Construction Rating: starstarstarstarstar_border
Flight Rating: starstarstarstarstar
Overall Rating: starstarstarstarstar
Manufacturer: Estes

Rocket PicBrief:
This is a single stage high quality replica of Gus Grissom's Liberty Bell 7 approx 1/50th scale designed for B & C engines. This kit is unique from every other Estes kit I have bought or built in a number of ways... The package says skill level 2, but it compares to other level 3 kits from Estes.

Construction:
This kit recently went on sale, supposedly a reissue of an earlier Estes kit. I obtained it from HobbyLinc for ~$17. The kit came in the typical Estes half cardboard package with plastic bag. All components were present except for an engine block ring.

The body tube was an Estes white body tube but it is closest in diameter to (but not quite) BT-70. It came in two pieces that required a tube coupler. All molded plastic parts were of the HIGHEST quality, which is definitely not the norm for Estes. They were smoother, had no flash, and fit together PERFECTLY, including knife edges of the fins. The capsule and escape tower have a LOT of detail, and decals include a crack they painted on the capsule to simulate the liberty bell. The four fins mount through-the-wall to a plastic engine mount that is also unique in my experience to Estes. Four slotted bars connect the forward and aft plastic centering rings. These slotted bars line up with pre-cut slots in the body tube, and the fins glue to the slotted bars without extending all the way to the 18mm engine tube. All of the plastic parts fit together with such precision that the use of brushed liquid (rather than tube) plastic cement is called for to maintain assembly quality. The parachutes are the standard Estes 12 and 18" plastic chutes and the instructions call for the standard folded paper shock cord mount. My only material deviation from the kit was the use of Pratt braided Kevlar® for the shock cord.

Since the quality of the materials is so high, there are a few deviations from the assembly order to match that high quality in final appearance. Estes has done a wonderful job of supplying materials for a great model, but if you follow their instructions, you will end up with a cheesy looking model anyway. The rev date on the instructions are 10-00 and Estes must be complying with political correctness by providing MINIMUM written instructions. There are no notes or warnings about modeling technique for any of the steps. Everything is visual. With very few exceptions, the entire instruction sheet is pictures; with English words only as titles of components. That is still OK if you are an experienced modeler, but for example the only place the kit dimensions and recommended engines are listed is on the package cover. Estes used to put them on the launch instruction page. The kit dimensions as listed on the box are wrong anyway, saying the models' length is 23.5 inch and dia. is 1.6 inch (major goof). I also have a major problem with the assembly order. Because the bottom roll pattern decal is a wrap around, the instructions have you put it on before you install the fins, which makes sense. However, IF you want the quality of the rocket body to match the quality of the fins and capsule module, you need to assemble the two body tube halves, fill and sand the grooves (white Estes tube, remember?), and paint; before installing the motor mount and decal. The kit instructions would have had the finished model rely on the stock white body tube for the body color complete with those ugly spiral grooves! So,... because you are putting the two body tubes together, you have to also install the upper launch lug prior to joining the body tubes. This is because the launch lugs are plastic and glue to a plastic backing plate through a pre-cut slot. The lower launch lug glues to the forward centering ring and can't be put on until after the engine mount is installed.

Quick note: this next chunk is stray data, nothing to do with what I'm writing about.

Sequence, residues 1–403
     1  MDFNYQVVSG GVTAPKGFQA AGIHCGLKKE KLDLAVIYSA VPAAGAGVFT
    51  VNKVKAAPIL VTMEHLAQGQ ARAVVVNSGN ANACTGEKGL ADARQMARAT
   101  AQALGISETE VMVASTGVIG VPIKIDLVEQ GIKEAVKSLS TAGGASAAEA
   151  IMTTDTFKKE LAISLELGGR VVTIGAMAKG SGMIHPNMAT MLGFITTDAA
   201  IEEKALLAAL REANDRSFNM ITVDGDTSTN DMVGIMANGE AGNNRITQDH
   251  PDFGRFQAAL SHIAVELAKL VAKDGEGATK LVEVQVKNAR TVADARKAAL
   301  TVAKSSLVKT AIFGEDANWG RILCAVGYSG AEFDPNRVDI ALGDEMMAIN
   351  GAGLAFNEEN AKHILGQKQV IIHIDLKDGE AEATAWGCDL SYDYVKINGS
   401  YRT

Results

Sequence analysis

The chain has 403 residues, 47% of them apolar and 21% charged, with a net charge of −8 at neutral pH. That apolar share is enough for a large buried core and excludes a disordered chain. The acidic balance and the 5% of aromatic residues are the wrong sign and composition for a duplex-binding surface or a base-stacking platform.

Rocket PicRocket PicRocket Pic

Regarding the engine mount, there is a gotcha that caught me. The alignment and fit of the engine mount components are critical to the fit of the fins and the decal. I made my own engine block out of an expended engine casing, and it had a little bit extending out past the end of the engine tube. The forward centering ring which glues to the engine tube is therefore about 1/64 inch too far forward. Since the location of the forward centering ring dictates where the slots will be that the fins mount to, the plastic slots ended up about 1/64 inch too far forward. This caused the fins to not fit over the back of the body tube. I had to dremel off a little bit of the fin material to regain fit. This also slightly threw off my decal alignment.

I epoxied my small Pratt braided Kevlar® to the engine mount on the opposite side of the engine hook, and led it through the small opening in the forward centering ring for the engine hook. I then locked everything down with epoxy, and glued the engine mount in the body tube with epoxy as better security than tube plastic cement on plastic/cardboard joints (I have noted how many times my Skywinder has come apart). Make sure you don't get any glue in the pre-cut fin slots, as the fit of the fins is precise.